The Earth offers an astonishing amount of diversity among the seven billion people on it. Even so, certain threads unite us. And you’ll find the arts in every culture across the world—in the form of music, dancing, and decorations like sculptures and paintings.
Considering its universal appeal, it makes sense that the arts should have some sway over our psyche. And in understanding how the fine arts impact our minds, we can better appreciate this cultural phenomenon and what it means to be human.
The first impact of the arts on our minds happens on a cognitive level. Music, for instance, engages both the left and right hemispheres of the brain, creating more connections between the two. This is one reason why math and language scores tend to go up for children who take music lessons.
The arts also help us absorb information more effectively. Drawing pictures of something helps us remember it better than simply taking a photo of it. And if you still get School House Rock songs stuck in your head, then you know music has a similar effect. Because of this, many people use the arts with patients suffering from conditions related to memory loss, like dementia.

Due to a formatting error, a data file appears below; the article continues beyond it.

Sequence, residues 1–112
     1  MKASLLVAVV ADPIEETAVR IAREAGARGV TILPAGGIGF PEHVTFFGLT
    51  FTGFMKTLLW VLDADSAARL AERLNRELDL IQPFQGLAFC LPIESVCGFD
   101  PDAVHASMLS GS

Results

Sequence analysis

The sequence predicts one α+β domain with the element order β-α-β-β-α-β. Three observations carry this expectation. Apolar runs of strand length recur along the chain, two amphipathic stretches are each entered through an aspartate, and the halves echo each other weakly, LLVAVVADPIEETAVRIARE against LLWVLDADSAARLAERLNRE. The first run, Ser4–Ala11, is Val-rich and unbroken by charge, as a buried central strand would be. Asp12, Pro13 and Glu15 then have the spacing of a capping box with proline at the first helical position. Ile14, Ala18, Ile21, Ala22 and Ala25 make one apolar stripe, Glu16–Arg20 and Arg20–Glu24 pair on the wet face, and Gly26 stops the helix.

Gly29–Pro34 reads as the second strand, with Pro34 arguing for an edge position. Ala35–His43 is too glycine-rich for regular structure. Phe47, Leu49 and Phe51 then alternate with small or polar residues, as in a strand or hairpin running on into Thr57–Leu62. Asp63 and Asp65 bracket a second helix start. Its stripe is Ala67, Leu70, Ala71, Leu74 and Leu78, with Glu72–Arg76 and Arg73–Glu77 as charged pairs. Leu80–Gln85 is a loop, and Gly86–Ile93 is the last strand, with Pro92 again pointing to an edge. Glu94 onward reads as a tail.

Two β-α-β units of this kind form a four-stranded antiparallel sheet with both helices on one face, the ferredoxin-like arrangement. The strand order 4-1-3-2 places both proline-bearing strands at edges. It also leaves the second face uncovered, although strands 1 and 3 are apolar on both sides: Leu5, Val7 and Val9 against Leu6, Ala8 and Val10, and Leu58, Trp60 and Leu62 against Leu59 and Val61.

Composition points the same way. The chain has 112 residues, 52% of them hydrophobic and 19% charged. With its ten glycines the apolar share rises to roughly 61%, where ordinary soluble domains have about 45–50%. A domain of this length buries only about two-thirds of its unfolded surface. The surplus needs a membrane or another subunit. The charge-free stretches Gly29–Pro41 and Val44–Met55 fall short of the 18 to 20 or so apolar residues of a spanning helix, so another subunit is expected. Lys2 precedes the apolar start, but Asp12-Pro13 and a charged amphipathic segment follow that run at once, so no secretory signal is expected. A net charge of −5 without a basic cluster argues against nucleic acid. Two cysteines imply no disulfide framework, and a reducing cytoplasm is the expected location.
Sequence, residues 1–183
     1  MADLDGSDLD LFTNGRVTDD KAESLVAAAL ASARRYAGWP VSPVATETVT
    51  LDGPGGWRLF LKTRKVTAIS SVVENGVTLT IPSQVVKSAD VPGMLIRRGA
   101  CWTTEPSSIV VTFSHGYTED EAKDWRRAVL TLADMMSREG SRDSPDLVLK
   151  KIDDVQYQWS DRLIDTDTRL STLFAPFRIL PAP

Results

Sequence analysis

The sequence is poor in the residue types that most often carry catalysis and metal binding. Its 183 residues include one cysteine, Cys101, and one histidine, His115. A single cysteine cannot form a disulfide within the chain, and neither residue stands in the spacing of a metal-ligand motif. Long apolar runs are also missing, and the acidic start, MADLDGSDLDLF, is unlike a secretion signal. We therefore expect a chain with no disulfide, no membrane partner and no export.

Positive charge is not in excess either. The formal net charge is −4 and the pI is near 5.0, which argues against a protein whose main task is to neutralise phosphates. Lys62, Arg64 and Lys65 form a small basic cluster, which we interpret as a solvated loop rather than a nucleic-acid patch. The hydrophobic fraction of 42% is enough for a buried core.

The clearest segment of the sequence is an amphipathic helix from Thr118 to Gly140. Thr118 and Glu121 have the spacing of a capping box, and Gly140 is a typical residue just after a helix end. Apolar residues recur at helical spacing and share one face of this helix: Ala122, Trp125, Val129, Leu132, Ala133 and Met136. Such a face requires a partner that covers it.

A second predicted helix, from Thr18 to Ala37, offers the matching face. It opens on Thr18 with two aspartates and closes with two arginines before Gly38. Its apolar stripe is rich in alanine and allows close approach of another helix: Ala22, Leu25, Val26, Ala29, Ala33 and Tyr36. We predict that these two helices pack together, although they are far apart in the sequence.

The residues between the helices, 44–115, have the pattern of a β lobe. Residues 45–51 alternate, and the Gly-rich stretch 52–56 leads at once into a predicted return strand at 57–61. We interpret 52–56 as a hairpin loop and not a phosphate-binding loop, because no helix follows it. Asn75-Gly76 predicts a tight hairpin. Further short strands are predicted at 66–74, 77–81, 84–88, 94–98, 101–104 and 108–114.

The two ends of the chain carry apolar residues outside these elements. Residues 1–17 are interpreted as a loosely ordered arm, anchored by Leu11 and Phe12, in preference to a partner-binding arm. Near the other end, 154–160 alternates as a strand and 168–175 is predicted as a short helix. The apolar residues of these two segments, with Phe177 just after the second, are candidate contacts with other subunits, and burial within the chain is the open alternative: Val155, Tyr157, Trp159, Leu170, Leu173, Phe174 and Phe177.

Art and Emotions
The psychology world has often debated the extent to which beauty impacts our emotions. Even so, there’s no doubt that truly exceptional art can sway how we feel. This occurs in a few ways.
The idea of aesthetic emotions goes back to 18th-century philosopher Immanuel Kant. Simply put, this describes the emotions we feel in response to what we see based purely on aesthetic quality. It’s the reason why certain colors impact our emotions and why we might start tearing up at a particularly beautiful sight. Aesthetic emotions allow us to derive pleasure from visual art.
Ancient Greek theatre features tragedies like Medea and Oedipus Rex. These plays cause their viewers to consider mankind’s weaknesses, but they also elicit an emotional response from us. Catharsis—this is the release of strong emotions, such as anger and pity. The ancients considered it restorative. Old emotions were purged, cleansing the soul.
Modern psychologists don’t usually bring up the idea of catharsis, as it’s connected to the nonsense of early psychoanalysis. However, studies suggest that after the trauma of an emotional movie, your endorphin system receives a boost. This may indicate the catharsis from art is good for the soul.